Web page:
Welcome to the Saudi Arabia focus edition of Law Update.
One of the key markets in the Middle East and North Africa (MENA) that continues to lead from the front is the Kingdom of Saudi Arabia (KSA). As the largest country in the Middle East and the 18th largest economy in the world, the progress KSA continues to make is underpinned by its Vision 2030 that envisions developing the country as an investment powerhouse and hub that ultimately connects Asia, Europe, and Africa. Given Saudi Arabia’s significance to the regional economy, our team of experts have prepared a range of pertinent articles that provide insights into new laws, regulations, and the legal landscape in the Kingdom.
This edition will provide you with an up-to-date guide on matters such as; the framework issued by the Saudi Central Bank on IT governance, the anti-corruption landscape under Vision 2030; we also provide practical tips for dispute avoidance. This is only a snapshot; there are many more articles within the KSA focus section for you to read, which we hope you will find valuable and enjoyable.Read the edition
Malack El Masry
This article considers the legal framework and some of the challenges associated with acquisitions/disposals within the pharmaceutical sector.
It is important to note that acquisitions of retail pharmacies in the United Arab Emirates (“UAE”) are subject to onerous legal licensing restrictions. Information on pharmacy ownership structures in the UAE is not publically available and there are no published policies and practices adopted in this regard by the various local authorities.
Historically, the Ministry of Economy was the primary health/pharmaceutical authority in the UAE responsible for approving change to the ownership of all pharmacies in all the Emirates, with the exception of Abu Dhabi which is under the authority of the Health Authority Abu Dhabi. Recently, Dubai is also no longer under the authority of Ministry of Economy, but rather the Dubai Health Authority. The Department of Economic Development (“DED”) in each Emirate, the authority which issues the general business registration license of pharmacies, is also involved in the transfer process for pharmacies. In the event of an acquisition or disposal, an application to transfer the license from the existing owner to the new owner must be completed and ownership may only be transferred with the consent of the relevant DED.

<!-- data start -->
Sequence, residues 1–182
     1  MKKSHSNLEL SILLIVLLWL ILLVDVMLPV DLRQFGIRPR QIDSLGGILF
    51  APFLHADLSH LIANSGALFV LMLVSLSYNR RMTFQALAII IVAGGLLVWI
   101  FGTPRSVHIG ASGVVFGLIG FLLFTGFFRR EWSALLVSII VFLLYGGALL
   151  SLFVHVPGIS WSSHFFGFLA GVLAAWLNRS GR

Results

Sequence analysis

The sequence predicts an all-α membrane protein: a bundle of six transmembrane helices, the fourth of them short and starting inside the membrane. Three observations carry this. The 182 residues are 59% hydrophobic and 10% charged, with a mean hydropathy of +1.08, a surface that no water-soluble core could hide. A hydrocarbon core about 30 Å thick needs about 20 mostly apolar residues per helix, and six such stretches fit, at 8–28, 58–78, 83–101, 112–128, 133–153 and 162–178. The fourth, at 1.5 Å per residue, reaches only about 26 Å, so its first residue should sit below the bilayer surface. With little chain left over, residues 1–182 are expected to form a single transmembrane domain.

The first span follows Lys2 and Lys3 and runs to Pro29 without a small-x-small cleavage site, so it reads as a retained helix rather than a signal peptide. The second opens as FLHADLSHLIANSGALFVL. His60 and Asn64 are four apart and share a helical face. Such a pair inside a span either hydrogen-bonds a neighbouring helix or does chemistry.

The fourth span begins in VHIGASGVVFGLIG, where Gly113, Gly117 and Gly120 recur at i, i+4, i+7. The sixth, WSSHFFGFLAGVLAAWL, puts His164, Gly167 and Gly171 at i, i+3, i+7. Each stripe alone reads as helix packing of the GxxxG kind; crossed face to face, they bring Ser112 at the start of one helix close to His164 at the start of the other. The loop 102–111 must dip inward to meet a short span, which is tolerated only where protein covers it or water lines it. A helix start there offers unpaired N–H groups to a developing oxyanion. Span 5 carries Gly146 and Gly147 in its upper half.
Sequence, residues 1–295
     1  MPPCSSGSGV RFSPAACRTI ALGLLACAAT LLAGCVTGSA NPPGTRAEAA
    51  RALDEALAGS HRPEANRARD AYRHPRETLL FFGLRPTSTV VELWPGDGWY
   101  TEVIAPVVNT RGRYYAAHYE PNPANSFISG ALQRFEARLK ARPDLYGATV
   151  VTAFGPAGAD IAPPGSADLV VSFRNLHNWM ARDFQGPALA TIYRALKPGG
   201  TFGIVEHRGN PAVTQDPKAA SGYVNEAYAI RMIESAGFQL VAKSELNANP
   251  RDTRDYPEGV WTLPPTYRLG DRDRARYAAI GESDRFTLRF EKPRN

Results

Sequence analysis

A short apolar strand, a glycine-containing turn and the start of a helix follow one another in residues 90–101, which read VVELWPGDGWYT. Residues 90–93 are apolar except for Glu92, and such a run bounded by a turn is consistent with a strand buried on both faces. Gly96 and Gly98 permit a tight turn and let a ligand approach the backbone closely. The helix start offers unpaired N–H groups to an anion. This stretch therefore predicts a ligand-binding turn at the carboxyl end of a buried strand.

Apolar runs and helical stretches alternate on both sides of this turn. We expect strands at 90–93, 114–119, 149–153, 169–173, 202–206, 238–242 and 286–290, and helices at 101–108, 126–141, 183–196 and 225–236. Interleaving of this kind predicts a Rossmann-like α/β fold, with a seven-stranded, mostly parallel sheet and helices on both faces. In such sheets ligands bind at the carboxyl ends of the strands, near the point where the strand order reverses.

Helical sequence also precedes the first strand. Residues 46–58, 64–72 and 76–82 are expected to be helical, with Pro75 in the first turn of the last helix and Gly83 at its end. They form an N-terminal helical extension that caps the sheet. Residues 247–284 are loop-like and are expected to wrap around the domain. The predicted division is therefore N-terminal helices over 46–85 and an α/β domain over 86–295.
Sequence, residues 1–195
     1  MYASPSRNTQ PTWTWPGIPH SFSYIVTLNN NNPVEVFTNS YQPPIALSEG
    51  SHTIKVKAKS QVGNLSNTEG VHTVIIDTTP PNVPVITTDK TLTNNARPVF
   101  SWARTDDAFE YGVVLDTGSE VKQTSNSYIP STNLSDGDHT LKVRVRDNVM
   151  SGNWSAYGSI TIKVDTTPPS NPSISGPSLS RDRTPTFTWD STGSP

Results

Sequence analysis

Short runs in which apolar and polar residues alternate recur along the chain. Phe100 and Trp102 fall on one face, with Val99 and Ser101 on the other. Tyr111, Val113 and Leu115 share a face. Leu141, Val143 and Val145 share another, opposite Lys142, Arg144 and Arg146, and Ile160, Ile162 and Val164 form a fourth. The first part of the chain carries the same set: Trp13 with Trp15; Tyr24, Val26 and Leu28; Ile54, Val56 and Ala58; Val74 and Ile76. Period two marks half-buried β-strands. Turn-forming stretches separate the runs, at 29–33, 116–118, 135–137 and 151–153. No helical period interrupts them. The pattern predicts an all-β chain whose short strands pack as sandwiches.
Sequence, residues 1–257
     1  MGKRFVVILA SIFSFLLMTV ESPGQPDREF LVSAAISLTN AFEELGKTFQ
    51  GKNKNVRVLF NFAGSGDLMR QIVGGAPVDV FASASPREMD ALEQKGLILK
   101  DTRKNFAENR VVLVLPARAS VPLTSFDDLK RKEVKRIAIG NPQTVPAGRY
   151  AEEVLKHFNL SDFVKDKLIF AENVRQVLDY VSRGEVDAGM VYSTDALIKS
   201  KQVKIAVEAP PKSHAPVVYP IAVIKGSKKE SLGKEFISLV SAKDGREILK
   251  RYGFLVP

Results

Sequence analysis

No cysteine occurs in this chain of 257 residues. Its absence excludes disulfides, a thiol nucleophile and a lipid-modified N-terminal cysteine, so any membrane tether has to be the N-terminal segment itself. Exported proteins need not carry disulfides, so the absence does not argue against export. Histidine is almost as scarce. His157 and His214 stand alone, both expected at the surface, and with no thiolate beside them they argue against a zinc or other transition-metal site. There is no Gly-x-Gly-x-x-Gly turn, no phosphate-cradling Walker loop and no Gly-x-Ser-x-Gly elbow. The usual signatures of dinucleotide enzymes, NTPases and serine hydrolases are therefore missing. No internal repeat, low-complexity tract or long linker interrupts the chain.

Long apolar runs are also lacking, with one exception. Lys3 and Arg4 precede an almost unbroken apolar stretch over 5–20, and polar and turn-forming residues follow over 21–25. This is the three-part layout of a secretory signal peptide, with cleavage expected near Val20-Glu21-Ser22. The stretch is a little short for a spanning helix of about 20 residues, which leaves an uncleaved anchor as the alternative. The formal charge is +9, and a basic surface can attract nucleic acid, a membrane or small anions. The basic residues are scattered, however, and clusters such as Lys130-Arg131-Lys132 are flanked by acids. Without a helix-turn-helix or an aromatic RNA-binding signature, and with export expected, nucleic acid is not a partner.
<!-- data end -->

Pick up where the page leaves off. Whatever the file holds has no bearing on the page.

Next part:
Each authority has its own set of policies and practices, and such policies and practices are not always publically available and change from time to time without public pronouncement. Investors should always seek to obtain updated information from the local and federal authorities at the time they envisage investing, or acquiring an entity or business in the pharmaceutical sector.
UAE Commercial Companies Law no. 8 of 1984 applies to any company established in the UAE (“Companies Law”) and UAE Federal Law no. 4 of 1983 is the primary law governing the pharmaceutical professions and institutions in the UAE (“Pharmacy Law”). These two laws contain the primary rules and regulations that are applicable to the pharmaceutical industry and include several statutory ownership restrictions.
There are generally two types of ownership restrictions that apply to the pharmaceutical industry and are relevant to any acquisition or disposal, (1) those related to general UAE foreign ownership restrictions; and (2) those that are particular to such industry. The local authorities permit investors to structure their investments in this sector within the limits of these ownership restrictions.
1. General Foreign Ownership Restrictions
Under Article 22 of the Companies Law, foreign investors cannot own more than 49% of the share capital of a UAE company (other than in a free zone). This is commonly referred to as the “UAE Ownership Requirement”. As a result, foreign investors usually enter into an arrangement (usually referred to as nominee arrangement) with a UAE national individual(s) or a wholly owned UAE corporate entity, whereby such UAE partner (referred to as nominee) holds 51% of a company for and on behalf of the foreign investor in a trust-like arrangement.
Such nominee arrangements are commonly used in the UAE; in fact more than half of limited liability companies in the UAE are held by foreigners in this way to comply with the mandatory UAE Ownership Requirement. It is highly unlikely that such nominee arrangements are brought into question except in the event of a dispute between the shareholders. Case law to date has, in most instances, enforced nominee agreements as between its parties by acknowledging the beneficial ownership of the foreign shareholder. That said, there is also a risk that the Anti-Concealment Law no. 17 for 2004) in force is implemented strictly by the UAE authorities to prohibit nominee agreements in this sector, albeit we consider this unlikely.